Pest of the month: Cycad blue butterfly

Pest of the month: Cycad blue butterfly (Theclinesthes onycha)

Category name: Caterpillars1612-cycad-blue-butterfly

Importance: Major, when susceptible cycads are grown in areas with cycad blue butterfly (mainly Queensland and New South Wales)

Similar to: None

Description: Eggs laid singly on new and unfurling leaves in spring to autumn. Eggs are pale white-blue, small (about 0.5mm in diameter) and disk shaped.

Immatures: Caterpillars are green when they hatch and become brown to dark brown as they grow larger. They typically feed on young, soft leaves and hide under the leaves and in the crown. They are nocturnal. Larvae mainly attack Cycas spp. and occasionally Lepidozamia sp. Larvae are oval shaped with mouthparts and legs concealed from above; they do not look like typical caterpillars.

Adult: Butterflies have pale brown wings with a metallic blue or purple hue on the upper surface. The lower surface is light brown with white lines. The posterior margins of hindwings have orange and black eye patterns and a small ‘tail’. They are small to medium sized butterflies with a wingspan of about 25-30mm.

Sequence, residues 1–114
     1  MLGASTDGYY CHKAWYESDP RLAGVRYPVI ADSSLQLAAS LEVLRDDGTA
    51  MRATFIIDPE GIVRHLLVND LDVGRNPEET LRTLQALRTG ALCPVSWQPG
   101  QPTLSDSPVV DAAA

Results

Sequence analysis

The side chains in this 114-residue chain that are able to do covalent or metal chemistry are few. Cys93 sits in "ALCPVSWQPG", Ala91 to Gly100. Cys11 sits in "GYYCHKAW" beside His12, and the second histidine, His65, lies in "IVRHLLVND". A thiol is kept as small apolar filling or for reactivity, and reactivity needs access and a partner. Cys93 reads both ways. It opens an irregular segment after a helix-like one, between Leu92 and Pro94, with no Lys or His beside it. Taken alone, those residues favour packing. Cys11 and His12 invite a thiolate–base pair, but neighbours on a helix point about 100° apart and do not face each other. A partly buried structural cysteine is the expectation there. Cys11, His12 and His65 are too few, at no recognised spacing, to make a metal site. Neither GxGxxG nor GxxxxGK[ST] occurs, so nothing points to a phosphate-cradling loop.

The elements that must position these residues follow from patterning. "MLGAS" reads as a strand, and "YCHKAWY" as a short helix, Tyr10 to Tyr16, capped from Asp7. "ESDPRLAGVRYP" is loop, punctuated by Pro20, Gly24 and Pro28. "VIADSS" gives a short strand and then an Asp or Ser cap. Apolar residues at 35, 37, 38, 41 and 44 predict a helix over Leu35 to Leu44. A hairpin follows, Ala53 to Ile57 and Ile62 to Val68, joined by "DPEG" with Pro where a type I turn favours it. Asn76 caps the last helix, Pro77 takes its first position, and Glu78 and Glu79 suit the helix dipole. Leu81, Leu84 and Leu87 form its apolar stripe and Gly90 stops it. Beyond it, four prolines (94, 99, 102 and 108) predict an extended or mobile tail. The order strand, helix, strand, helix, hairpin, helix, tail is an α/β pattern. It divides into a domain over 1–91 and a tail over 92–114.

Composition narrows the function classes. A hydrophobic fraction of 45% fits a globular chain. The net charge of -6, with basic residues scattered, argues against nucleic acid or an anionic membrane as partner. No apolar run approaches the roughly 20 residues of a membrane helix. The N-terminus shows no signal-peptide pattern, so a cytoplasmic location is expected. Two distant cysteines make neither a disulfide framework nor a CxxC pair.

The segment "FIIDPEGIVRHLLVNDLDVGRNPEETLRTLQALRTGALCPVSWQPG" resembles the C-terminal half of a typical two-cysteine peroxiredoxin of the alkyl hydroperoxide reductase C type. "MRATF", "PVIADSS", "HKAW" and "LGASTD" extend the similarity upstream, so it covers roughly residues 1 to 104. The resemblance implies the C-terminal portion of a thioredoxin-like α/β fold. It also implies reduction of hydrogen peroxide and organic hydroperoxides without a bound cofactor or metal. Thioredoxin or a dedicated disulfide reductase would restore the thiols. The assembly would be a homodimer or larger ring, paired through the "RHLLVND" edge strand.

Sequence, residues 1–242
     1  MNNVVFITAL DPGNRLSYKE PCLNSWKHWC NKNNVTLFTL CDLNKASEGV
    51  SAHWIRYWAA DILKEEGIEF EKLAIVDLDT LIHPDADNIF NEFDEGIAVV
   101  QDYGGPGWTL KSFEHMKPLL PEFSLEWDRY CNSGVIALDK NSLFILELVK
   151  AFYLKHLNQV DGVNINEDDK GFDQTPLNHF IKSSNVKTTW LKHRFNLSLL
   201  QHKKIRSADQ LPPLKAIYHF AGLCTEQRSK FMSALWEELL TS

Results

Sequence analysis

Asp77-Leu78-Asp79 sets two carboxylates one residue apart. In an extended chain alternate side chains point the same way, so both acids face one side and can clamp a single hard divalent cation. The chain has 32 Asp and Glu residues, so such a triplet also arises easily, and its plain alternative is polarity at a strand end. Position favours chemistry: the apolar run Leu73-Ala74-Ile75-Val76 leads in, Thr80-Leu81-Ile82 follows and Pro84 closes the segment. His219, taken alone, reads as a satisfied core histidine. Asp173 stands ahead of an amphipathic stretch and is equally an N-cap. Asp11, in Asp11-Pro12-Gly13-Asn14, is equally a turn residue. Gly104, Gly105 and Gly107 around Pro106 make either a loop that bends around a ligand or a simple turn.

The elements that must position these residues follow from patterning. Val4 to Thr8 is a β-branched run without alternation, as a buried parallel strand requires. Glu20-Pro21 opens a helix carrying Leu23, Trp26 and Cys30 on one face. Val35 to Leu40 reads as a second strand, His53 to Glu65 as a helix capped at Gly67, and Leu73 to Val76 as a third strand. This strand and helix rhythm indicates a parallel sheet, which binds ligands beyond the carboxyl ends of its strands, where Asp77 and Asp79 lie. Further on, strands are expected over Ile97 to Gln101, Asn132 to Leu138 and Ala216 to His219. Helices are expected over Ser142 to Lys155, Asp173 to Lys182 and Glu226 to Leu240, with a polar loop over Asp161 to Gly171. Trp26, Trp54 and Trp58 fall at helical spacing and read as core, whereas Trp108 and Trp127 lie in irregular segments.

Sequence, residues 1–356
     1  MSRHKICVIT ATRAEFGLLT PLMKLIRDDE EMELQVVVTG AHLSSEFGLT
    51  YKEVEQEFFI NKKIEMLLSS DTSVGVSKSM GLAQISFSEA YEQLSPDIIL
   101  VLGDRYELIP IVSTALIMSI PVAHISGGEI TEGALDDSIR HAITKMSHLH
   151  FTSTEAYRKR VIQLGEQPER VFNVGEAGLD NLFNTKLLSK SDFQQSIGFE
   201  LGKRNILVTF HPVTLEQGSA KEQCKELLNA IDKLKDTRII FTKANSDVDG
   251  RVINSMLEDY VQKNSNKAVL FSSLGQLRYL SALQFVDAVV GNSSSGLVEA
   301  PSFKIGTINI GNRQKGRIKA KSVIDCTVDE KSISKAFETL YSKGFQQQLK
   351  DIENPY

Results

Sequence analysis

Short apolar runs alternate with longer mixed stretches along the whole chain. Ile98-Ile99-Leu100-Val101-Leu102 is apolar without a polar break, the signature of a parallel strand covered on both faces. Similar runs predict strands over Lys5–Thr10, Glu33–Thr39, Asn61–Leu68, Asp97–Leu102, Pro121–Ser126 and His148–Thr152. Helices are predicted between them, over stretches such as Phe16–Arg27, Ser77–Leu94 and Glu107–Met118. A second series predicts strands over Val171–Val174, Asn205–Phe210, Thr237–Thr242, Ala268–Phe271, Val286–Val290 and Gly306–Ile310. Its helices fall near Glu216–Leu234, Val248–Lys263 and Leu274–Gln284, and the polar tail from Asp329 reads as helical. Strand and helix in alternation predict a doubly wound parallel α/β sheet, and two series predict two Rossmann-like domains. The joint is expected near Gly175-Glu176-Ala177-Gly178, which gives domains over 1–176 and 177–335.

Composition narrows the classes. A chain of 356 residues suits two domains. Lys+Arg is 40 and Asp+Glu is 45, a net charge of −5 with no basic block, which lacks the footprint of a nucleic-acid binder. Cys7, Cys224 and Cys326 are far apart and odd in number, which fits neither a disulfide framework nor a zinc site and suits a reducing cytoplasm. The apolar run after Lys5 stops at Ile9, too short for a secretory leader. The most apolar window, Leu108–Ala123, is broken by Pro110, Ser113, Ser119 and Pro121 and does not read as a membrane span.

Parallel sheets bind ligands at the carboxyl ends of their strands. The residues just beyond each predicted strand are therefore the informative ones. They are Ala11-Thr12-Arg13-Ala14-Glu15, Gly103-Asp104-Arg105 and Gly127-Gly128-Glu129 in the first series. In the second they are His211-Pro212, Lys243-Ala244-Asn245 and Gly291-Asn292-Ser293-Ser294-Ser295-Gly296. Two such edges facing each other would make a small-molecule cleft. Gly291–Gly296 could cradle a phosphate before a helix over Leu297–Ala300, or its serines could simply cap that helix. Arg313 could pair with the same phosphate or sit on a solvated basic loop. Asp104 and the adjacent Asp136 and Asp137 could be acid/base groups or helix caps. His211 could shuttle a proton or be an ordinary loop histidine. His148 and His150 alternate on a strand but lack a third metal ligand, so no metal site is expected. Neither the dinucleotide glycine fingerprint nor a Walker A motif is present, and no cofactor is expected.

Damage: Larval feeding defoliates young leaves before they elongate and mature. As a result, when defoliated leaves finally elongate and mature they can appear ragged, tattered and unsightly. Damaged leaves that are not completely consumed dry out and die, giving a burnt appearance. Controls need to be applied when new growth begins to unfold.

Further industry pest information is available at

An initiative of the National Nursery Industry Biosecurity Program (NY15004) and the ‘Building the resilience and on-farm biosecurity capacity of the Australian production nursery industry’ Project (NY15002).